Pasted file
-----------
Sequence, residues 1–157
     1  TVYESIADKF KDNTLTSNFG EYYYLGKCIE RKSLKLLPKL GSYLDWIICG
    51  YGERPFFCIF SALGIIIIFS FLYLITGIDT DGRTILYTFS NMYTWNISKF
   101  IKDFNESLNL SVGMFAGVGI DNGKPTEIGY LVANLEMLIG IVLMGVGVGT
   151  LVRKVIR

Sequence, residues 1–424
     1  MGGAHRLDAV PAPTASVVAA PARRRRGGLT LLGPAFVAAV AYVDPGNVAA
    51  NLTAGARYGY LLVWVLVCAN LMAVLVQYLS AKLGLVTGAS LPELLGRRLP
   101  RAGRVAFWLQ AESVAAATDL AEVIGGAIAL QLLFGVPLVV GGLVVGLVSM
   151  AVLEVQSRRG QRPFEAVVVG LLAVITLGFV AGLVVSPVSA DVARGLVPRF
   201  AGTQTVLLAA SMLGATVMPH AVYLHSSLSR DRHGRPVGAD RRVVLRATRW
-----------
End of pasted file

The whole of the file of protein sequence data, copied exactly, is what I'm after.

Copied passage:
Sequence, residues 1–157
     1  TVYESIADKF KDNTLTSNFG EYYYLGKCIE RKSLKLLPKL GSYLDWIICG
    51  YGERPFFCIF SALGIIIIFS FLYLITGIDT DGRTILYTFS NMYTWNISKF
   101  IKDFNESLNL SVGMFAGVGI DNGKPTEIGY LVANLEMLIG IVLMGVGVGT
   151  LVRKVIR

Sequence, residues 1–424
     1  MGGAHRLDAV PAPTASVVAA PARRRRGGLT LLGPAFVAAV AYVDPGNVAA
    51  NLTAGARYGY LLVWVLVCAN LMAVLVQYLS AKLGLVTGAS LPELLGRRLP
   101  RAGRVAFWLQ AESVAAATDL AEVIGGAIAL QLLFGVPLVV GGLVVGLVSM
   151  AVLEVQSRRG QRPFEAVVVG LLAVITLGFV AGLVVSPVSA DVARGLVPRF
   201  AGTQTVLLAA SMLGATVMPH AVYLHSSLSR DRHGRPVGAD RRVVLRATRW